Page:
Bitcoin offered the first smart contract programming language the world had ever seen. Script, as this language is called, lets users encode different conditions under which coins can be spent. But while this was a revolutionary concept, it’s not easy to use, especially for more complex spending conditions. Both writing a complex contract as well as verifying that the contract does what it is supposed to do are prone to human error. Yet, especially with money at stake, correct interpretation of the conditions is of the utmost importance.
Over the past year, blockchain engineers Andrew Poelstra, Pieter Wuille and Sanket Kanjalkar set out to improve this. By stripping down Script to its bare essentials, their “new” programming language — “Miniscript” — abstracts away the complexity and should make programming on Bitcoin easier and safer for everyone involved.
“Miniscript is, in a theoretical sense, more limiting than script,” Blockstream director of research and Miniscript co-designer Andrew Poelstra told Bitcoin Magazine. “But it can do everything that people actually use script for.”
Let’s start from the beginning.
Every Bitcoin transaction consists of two main parts: inputs and outputs, both of which consist of pieces of code. The inputs “unlock” coins and the outputs “lock them up” again, specifying under which conditions they can be unlocked in a subsequent transaction input. Such requirements usually include a valid cryptographic signature, but there are more possibilities; for example, perhaps a certain amount of time must have passed before a coin can be spent or a specific secret number must be included.
This code in transactions is created with Script, a programming language specifically designed for Bitcoin. Script was inspired by Forth, a programming language invented in the 1960s that was originally designed to operate radio telescopes. Script is adjusted, however, to make it more suited for Bitcoin.
For example, Script doesn’t have an opcode (an instruction) that makes “loops”: the language doesn’t support performing the same computation an unbounded number times. In Bitcoin, there is no need to perform the same computation an unbounded number of times because Bitcoin nodes don’t actually compute transactions — they validate transactions. (For a more technical explanation of why this is the case, see this post by Blockstream engineer Russell O’Connor.)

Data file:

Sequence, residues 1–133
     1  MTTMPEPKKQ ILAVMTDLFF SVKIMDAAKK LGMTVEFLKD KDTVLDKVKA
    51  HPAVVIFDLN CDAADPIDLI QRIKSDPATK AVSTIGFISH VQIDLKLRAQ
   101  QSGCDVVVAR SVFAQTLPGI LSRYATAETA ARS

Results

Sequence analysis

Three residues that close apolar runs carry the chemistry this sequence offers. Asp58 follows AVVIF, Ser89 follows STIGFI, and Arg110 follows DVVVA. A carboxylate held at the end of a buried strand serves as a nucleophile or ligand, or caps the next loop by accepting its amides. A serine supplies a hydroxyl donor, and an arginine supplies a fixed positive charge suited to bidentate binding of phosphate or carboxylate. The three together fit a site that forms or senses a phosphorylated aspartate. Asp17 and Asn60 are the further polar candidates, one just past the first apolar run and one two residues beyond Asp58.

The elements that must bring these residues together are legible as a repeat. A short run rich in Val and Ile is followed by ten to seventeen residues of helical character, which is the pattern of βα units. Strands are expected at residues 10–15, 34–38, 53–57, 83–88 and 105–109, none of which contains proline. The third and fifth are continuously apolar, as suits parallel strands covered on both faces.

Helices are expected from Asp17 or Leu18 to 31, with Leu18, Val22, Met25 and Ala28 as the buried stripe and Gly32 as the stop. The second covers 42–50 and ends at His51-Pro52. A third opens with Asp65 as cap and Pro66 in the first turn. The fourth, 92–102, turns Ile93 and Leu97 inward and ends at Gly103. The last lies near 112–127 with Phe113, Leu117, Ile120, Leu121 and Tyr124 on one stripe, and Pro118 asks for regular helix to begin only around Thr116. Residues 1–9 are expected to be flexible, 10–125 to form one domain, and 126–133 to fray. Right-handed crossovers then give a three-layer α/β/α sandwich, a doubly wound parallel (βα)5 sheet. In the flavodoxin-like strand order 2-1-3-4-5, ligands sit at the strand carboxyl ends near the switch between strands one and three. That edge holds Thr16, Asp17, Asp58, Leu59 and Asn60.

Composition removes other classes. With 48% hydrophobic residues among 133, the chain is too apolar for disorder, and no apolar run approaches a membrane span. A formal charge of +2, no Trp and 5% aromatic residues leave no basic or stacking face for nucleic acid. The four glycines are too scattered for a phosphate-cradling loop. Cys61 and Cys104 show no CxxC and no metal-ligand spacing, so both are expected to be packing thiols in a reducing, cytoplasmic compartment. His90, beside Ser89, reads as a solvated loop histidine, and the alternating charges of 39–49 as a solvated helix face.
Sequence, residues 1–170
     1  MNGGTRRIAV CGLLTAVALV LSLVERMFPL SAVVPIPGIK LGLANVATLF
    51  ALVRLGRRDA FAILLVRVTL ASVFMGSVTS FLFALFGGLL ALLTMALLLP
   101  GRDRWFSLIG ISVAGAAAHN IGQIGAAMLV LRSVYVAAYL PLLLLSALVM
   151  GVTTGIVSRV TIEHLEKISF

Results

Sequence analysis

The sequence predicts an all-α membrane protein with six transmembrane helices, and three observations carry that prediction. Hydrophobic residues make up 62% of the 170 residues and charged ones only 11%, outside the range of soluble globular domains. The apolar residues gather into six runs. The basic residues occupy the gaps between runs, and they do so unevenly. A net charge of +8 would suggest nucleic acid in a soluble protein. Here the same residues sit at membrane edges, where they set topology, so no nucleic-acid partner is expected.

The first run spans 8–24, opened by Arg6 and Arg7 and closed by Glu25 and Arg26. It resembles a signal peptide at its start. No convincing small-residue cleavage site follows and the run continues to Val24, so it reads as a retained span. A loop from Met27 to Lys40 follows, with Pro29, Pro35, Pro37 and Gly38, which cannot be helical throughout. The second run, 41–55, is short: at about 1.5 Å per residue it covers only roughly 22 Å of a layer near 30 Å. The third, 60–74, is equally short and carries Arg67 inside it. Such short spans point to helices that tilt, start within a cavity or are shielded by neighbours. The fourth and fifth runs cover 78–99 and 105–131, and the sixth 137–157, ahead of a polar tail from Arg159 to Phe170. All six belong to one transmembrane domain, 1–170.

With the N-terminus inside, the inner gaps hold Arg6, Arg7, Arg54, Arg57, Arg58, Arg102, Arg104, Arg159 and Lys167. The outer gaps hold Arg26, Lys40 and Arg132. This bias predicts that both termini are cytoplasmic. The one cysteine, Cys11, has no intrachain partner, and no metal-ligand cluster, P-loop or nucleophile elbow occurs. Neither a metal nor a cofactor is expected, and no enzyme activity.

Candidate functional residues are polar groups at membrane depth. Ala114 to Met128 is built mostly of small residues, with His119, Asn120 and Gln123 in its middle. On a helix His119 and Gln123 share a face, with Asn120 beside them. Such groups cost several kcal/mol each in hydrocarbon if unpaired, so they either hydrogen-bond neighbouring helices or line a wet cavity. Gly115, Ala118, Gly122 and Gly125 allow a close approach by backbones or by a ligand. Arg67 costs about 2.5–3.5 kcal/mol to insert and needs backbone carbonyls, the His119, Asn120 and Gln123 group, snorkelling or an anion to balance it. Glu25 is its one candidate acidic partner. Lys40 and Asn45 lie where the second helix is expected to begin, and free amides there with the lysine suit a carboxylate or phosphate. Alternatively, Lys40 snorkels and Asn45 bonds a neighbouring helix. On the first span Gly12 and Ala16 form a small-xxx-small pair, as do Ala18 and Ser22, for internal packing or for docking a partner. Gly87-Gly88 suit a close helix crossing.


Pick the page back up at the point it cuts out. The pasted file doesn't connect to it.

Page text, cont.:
Script is also “untyped.” This means that outcomes of computations can be interpreted and used in different ways. For example, the outcome of a valid signature can be “true,” but “true” can, in turn, be interpreted and used as a number “1” and subsequently used in math equations: “true” plus “true” would add up to “2,” which could, for example, mean that enough signatures were provided if a minimum of two valid signatures is required.
This brings us to the most important property of Script in the context of this article: it is hard to “reason about.” This essentially means that the results of computations can be interpreted in many ways. Even if a signature is invalid, for example, the Script can be written such that the transaction is still valid for some other reason.
“There are opcodes in Bitcoin Script which do really absurd things,” Poelstra explained. “Like, interpret a signature as a true/false value, branch on that; convert that boolean to a number and then index into the stack, and rearrange the stack based on that number. And the specific rules for how it does this are super nuts.”
This can make Script tricky to work with. Especially if requirements to spend (“unlock”) coins become more complex, the author of a transaction may unintentionally include something in the code that allows the coins to be spent under different conditions than intended. Conversely, the recipient of a transaction may fail to notice such a quirk and lose his coins to an attacker who does notice.
A Concrete Example of a Problem
Here is a concrete example of how these problems limit Script’s usefulness.
The Blockstream Green wallet has a standard “cosigning” setup. The wallet user controls one of two keys, and Blockstream controls the other. The funds can be spent in two ways. First, whenever the user wants to spend a coin, they sign the transaction and request that Blockstream signs it as well. Blockstream would usually do this, though this might require that the user confirms they really want to make the transaction through a secondary means, like an email confirmation. But something might go wrong on Blockstream’s end — perhaps the company disappears or loses its key, or it cannot sign for some other reason. In that case, the user still has a fallback solution to spend their bitcoin: After a timelock has expired, they can create a valid transaction after some predetermined time has passed. Perhaps a month.
This works fine, but it’s also limited. The user cannot use any more of Bitcoin’s smart contract potential, even though they may want to add more flexibility on their end of the setup.